The Mamak Scene

teh tarikTeh tarik, quintessentially mamak!  Teh tarik is pulled tea literally. Hot piping black tea sweetened with condensed milk (with the option of adding ginger or not) – being poured from one container to the other, to create the froth and cooling down the tea a little. There are thousands of these mamak stalls/’coffee shops’ (for a lack of better english term) all over Malaysia particularly Kuala Lumpur and Penang. It is Malaysia’s equivalent of the coffee culture you find in Italy, Spain or France, and in our case it is tea!

Together with teh tarik , a common accompaniment is Roti Canai or Mamak Mee Goreng or Nasi Lemak. Roti Canai is basically a bready pancake (similar to the indian roti paratha) eaten with dhal curry (lentil curry). Mamak Mee Goreng is fried noodles street style, usually spicy with a slight tomato base taste and Nasi Lemak – coconut rice with spicy condiments like sambal (chilli paste), curries, fried anchovies and a hard boiled egg. In Penang, nasi kandar is added into the food repertoire of the mamak.

mamak

 from left to right : Roti canai, Teh tarik and Nasi lemak

So what is ‘mamak’? It is the local Tamil Muslims in Malaysia whose eateries serving the above mentioned (amongst others) teh tarik and roti canai, a must-have at the mamak’s, that have carved a dominant part of the ‘cafe’ lifestyle for Malaysians!  These establishments continue to thrive.. evenmore so now with the financial crisis.You can find mamak food establishments ranging from a modest stall by the road side to an air conditioned restaurant. Some of them even have cable tv hooked up, televising the latest sporting event (soccer being the most popular) especially matches from the English Premier League, UEFA Champions League and World Cup qualifying and finals. They also tend to operate 24 hours – hence allowing many youngsters to make these places their favourite ‘hangouts’ late nights and on weekends.. as they are affordable – especially for students on a shoestring budget!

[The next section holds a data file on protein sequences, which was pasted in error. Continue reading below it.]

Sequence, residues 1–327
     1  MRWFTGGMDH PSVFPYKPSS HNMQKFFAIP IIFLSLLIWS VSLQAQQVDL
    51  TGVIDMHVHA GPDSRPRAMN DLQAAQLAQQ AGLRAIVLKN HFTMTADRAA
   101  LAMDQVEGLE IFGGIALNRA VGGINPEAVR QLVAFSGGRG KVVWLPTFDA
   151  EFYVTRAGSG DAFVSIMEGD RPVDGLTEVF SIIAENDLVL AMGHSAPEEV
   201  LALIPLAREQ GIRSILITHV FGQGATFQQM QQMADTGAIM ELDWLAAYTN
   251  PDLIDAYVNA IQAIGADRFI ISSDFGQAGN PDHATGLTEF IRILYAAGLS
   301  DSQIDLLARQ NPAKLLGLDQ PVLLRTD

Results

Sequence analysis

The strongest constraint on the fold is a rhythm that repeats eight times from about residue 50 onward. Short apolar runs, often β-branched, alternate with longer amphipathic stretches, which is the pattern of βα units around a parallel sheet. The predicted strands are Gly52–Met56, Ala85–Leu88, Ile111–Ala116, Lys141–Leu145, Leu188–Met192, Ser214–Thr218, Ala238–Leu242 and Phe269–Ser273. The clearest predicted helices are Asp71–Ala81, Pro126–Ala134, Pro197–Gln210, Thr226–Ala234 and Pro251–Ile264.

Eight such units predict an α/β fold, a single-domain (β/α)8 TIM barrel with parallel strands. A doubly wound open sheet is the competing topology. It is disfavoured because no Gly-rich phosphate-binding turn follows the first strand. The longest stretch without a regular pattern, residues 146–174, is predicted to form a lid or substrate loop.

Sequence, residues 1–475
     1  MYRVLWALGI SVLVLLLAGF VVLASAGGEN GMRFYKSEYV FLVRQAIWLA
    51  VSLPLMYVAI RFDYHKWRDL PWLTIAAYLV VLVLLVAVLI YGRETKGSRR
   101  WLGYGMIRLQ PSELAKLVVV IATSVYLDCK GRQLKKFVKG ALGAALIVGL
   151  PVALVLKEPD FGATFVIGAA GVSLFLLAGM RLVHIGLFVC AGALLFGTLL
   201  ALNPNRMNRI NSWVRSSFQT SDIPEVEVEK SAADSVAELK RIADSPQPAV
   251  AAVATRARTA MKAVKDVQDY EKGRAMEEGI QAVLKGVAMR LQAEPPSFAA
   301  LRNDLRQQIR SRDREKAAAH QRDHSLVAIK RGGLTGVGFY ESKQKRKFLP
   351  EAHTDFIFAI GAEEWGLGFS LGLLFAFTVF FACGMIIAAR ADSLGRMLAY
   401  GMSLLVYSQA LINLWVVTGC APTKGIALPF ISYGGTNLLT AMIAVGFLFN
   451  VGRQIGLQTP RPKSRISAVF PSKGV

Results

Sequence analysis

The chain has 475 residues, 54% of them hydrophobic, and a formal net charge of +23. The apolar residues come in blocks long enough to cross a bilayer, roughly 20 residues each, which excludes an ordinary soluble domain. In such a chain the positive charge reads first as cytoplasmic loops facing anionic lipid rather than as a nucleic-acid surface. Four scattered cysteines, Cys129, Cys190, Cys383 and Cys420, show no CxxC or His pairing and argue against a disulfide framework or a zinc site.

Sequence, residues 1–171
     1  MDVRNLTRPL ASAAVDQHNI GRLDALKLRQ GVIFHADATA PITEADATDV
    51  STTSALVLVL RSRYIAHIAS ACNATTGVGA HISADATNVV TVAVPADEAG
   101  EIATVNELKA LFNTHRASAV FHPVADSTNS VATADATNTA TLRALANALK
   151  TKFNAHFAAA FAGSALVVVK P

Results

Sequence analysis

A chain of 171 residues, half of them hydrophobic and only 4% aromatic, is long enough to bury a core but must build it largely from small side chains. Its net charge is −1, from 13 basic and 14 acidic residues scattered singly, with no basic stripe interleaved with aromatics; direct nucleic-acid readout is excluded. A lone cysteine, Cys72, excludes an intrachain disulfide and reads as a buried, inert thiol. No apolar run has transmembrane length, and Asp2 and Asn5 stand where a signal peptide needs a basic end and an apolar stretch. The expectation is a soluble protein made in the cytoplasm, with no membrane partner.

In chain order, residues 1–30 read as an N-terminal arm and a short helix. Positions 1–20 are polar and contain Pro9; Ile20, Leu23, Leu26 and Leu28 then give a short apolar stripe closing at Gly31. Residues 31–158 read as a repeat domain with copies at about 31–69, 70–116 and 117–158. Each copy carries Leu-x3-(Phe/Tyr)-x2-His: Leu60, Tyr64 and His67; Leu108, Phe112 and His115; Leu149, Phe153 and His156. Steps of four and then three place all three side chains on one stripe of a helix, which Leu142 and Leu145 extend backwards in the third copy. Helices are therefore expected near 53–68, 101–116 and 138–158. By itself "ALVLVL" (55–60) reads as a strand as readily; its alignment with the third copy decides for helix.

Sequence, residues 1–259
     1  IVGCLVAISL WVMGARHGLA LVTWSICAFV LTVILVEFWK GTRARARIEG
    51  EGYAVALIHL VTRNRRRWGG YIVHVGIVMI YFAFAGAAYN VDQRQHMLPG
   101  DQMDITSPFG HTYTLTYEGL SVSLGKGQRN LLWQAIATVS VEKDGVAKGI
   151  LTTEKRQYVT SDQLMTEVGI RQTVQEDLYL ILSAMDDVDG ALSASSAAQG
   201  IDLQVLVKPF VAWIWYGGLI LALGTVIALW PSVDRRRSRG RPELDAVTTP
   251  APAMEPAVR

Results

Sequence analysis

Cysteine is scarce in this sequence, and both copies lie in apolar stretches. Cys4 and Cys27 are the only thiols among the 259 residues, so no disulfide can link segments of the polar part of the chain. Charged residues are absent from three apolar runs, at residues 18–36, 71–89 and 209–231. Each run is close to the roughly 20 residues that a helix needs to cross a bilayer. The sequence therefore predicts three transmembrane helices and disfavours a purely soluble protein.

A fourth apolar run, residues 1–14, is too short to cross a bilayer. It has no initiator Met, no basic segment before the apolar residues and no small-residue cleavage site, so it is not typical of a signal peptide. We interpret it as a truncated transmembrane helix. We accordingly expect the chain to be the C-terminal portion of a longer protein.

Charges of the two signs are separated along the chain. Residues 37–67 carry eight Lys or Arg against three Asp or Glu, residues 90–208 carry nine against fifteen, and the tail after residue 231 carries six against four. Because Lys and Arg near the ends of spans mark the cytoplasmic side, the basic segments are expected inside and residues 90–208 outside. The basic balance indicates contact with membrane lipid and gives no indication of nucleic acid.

For a truly localised experience besides Penang’s hawkers or street food in other Malaysian cities, one should also try the mamak stalls at the local neighbourhoods.

Tip: One of the best ways to stave off hangovers the next day after a night’s heavy drinking is to have either the Roti Canai or Nasi Lemak and finishing it off with Teh Tarik!

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